With Occidental College conducting the Fall 2020 semester remotely, staff and students who are still on campus have adopted new safety measures in response to the COVID-19 pandemic. Emmons Wellness Center is leading COVID-19 prevention and infection response efforts, Facilities Management has increased cleaning efforts, Campus Safety is enforcing Occidental’s closed campus and Campus Dining has transitioned to takeout meals.
According to Occidental’s COVID-19 webpage, students and any employees visiting the campus must wear a mask, practice social distancing, wash hands and monitor symptoms by using the daily health check accessible through myOxy.
According to Senior Director of Student Wellness Sara Semal, Emmons is dealing with COVID-19 on campus alongside their normal operations by both monitoring the daily health checks as well as running COVID-19 tests for students and employees. According to Semal, students and workers on campus will be tested five times throughout the fall semester. Emmons also gave healthcare kits to students and employees, which included cleaning supplies, masks, thermometers, contactless keys and hand sanitizer, amongst other products upon their arrival.
“Normally Emmons is a student health center but now we’re providing services to the whole community like faculty and staff,” Semal said. “That’s a big challenge to increase our capacity in that way.”.
According to Semal, one staff member tested positive this semester and was guided by Emmons throughout their time in isolation. Occidental’s isolation protocols require individuals to remain in their residence without any public contact, even if they do not have active symptoms.
According to Semal, one student on campus has been exposed to the virus and had to quarantine this semester. According to Occidental’s quarantine procedures, individuals must quarantine in their residence for at least 14 days with limited public contact.
“Luckily students on campus are living in Berkus with most having their own room and bathroom,” Semal said. “Most students don’t even have to move rooms if they needed to quarantine or isolate.”
According to Cleaning Services manager Mario Bonilla, the cleaning staff uses personal protective equipment such as washable and disposable masks, gloves, booties and gowns when they need to enter a quarantined student’s room.
According to Bonilla, the college has invested in 10 new disinfectant spray machines. This allows them to efficiently cover more surface area in a shorter amount of time with an emphasized focus on cleaning high traffic areas.
“We have had to increase the frequency of cleaning,” Bonilla said. “In the past we wouldn’t constantly clean door handles, break rooms or hard surfaces because we would just do our normal cleaning, but since this pandemic started we have had to become creative to do more disinfecting.”
LA guidelines mandate that dining facility restrooms, such as those in the Marketplace, be cleaned every hour whereas those not in dining facilities need only be disinfected twice a day, according to Bonilla.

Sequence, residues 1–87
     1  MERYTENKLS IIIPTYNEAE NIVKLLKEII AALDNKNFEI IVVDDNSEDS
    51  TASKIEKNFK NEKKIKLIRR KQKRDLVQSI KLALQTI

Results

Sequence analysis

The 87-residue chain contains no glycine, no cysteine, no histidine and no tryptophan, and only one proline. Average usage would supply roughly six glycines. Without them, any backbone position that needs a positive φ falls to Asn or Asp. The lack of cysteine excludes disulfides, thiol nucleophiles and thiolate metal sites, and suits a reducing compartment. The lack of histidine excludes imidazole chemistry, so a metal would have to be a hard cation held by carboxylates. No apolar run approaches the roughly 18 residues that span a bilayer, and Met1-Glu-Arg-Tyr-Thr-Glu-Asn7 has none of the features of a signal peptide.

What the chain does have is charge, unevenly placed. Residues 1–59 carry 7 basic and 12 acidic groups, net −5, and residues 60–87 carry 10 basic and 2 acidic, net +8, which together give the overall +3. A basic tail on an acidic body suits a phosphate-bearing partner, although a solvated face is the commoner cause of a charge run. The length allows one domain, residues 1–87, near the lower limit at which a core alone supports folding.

Occidental is currently closed to visitors. According to Director of Campus Safety Rick Tanksley, there are many signs on campus to ensure that no unauthorized visitors enter. However, there have still been instances in which Campus Safety has removed unauthorized people from the track and swimming pool.
“We’ve had instances where visitors will come to campus because, you know, just like everybody else they want a respite,” Tanksley said. “We continually draw those individuals’ attention to the fact that our campus is closed to visitors.”
Campus Safety often reminds on-campus students of the mask requirement while patrolling. Tanksley said one effective implementation tool has been the Livesafe app as it allows anyone to anonymously report protocol violations. Students are referred to the conduct office when guidelines are not followed, according to Tanksley.
“It is not just Campus Safety’s responsibility to ensure that people are following the protocols on the campus,” Tanksley said. “It is everybody’s responsibility because this is a public health matter.”
According to the Director of Operations for Hospitality Services Judy Runyon, the Marketplace is the only open dining facility.
“Our goal is we’re here to support,” Runyon said. “No matter whether we have 100 students or 2,100 students we want to provide them substantial meals that help their learning experience.”
According to Runyon, students on campus can safely enter to grab a meal or they can use the Tiger Takeout system, which was originally implemented for students living nearby and enables them to order ahead of time for pick up on the Branca Family Patio.
“The students that are here are pretty isolated themselves so we like to make them feel comfortable, give them a smile, and let them know that we are here for them,” said Runyon. “So it has been lovely to see the ones that are here.”
Nicole Mastanov (junior) is a campus resident this semester and says that being there feels very sad and desolate. Mastanov said she believes the protocols are stringent yet reasonable. However, she misses brief casual interactions with her peers and professors.
“College is like a bunch of kids on a cruise ship because we do so much together,” Mastanov said. “When that changes so drastically in an unexpected way it’s definitely very hard.”